I often hear people say that there is no money for art programs and projects anymore. It is no secret that schools have cut art and music programs for budgetary reasons and that some communities throughout the United States have downsized major events or done away with them altogether. It makes me sad to think that there are kids who do not have arts experiences readily available to them in their school system.
What I love the most about living in the Lansing community is that people do not sit around and mourn such losses forever – they are inspired by it to create new opportunities.
Last summer, Tamiko and MC Rothhorn of Lansing approached Chris Foster and myself about the possibility of creating a community music program that focused on exposing kids to folk music. Being musical people ourselves, Chris and I agreed to help in any way that we could. After months of planning, support from The Ten Pound Fiddle in East Lansing and a year trial run, Fiddle Scouts became an accessible music program for families in the area.
The program is volunteer based and hosted by the Michigan State University Community Music School once a month in East Lansing. Children of all ages come with their families and enjoy a twenty minute music segment with a featured guest artist, a twenty minute musical workshop with two of the Fiddle Scout leaders, and participate in group songs at both the beginning and the end of the event. The program was designed to be hands-on and interactive, which allows kids to be creatively stimulate and involved. The leaders (Tamiko, MC, Chris, and myself) wanted the program to have reoccurring activities that kids would remember how to do each month they came. This is where things like the opening and closing songs became important.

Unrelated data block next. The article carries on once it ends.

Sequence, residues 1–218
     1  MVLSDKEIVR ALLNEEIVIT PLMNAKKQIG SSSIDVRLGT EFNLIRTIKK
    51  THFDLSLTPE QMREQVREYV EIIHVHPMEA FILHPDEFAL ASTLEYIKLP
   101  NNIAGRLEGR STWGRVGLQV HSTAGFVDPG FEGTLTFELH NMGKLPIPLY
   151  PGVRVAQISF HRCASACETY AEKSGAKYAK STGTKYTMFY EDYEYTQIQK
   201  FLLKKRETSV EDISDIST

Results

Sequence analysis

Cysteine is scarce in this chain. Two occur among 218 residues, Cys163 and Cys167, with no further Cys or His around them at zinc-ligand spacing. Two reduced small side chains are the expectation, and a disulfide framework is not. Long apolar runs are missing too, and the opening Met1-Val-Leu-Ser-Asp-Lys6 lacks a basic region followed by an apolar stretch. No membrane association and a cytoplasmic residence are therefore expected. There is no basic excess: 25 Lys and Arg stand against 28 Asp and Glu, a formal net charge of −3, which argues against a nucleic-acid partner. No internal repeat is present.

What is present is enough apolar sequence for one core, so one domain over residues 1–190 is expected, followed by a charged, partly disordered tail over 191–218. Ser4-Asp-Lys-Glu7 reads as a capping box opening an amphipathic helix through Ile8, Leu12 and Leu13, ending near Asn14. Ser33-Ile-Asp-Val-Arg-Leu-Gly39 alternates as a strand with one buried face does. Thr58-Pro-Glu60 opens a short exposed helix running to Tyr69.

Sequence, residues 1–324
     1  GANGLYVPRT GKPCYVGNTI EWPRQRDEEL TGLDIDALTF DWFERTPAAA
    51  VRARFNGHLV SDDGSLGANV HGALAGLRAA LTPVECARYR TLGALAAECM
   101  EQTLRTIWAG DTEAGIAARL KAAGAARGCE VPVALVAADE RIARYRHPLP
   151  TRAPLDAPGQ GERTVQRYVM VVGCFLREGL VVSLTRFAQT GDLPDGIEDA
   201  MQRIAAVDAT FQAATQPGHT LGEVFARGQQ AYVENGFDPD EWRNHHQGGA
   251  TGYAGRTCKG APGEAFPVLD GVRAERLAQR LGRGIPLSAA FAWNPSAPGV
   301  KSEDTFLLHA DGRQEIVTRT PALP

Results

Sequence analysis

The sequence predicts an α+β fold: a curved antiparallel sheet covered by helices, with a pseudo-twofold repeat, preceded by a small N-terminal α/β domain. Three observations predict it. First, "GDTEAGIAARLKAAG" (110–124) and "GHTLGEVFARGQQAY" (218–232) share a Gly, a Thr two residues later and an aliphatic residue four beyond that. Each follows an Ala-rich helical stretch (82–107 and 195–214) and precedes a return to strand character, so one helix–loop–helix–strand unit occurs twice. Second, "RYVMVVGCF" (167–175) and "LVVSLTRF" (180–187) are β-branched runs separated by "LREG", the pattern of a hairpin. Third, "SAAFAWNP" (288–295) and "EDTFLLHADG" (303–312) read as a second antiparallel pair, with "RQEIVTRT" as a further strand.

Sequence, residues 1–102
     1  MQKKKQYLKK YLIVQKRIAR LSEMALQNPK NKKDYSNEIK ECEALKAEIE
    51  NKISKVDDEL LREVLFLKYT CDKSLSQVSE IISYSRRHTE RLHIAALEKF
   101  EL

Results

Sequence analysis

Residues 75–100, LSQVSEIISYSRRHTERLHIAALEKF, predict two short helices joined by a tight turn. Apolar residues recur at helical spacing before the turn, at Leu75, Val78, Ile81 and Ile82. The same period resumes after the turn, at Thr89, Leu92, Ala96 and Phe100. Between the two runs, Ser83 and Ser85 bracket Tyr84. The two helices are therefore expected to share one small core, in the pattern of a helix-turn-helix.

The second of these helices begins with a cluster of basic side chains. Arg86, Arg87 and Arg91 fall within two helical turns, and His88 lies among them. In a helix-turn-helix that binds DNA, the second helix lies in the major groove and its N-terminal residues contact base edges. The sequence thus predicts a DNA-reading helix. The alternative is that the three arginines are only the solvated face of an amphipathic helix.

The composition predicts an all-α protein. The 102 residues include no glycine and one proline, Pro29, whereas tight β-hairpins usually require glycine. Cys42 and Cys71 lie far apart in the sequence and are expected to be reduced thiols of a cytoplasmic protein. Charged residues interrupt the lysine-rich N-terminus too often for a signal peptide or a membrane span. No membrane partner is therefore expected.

Fiddle Scouts kicked off its second season on Saturday, September 21st with a call-and-response themed music lesson. Children were divided into two groups, five and under and six and up. One group listened to the guest musicians’ performance while the other went to the workshop. After 20 minutes, the two groups would switch activities. We were fortunate enough to start off the year with Tiyi and David from the local group called Lake Effect. Their repertoire consisted of song building activities and followed the call-and-response theme so well that both groups were engaged.
It amazes me how quickly kids can pick up on a concept. Even the smaller children wanted to sing a phrase at the Fiddle Scout leaders and have them sing it back to them. To me, there is nothing more heartwarming then seeing children truly embracing music as a fun activity. I feel very lucky to live in a community that has the resources for these kinds of programs to exist.
You can find more information about Fiddle Scouts on The Ten Pound Fiddle website or you can view the flyer for the upcoming season here. For any questions about how you can be involved with this community program, please feel free to contact Tamiko Rothhorn at email@example.com.
-Abby Rudnicki, Contributing Writer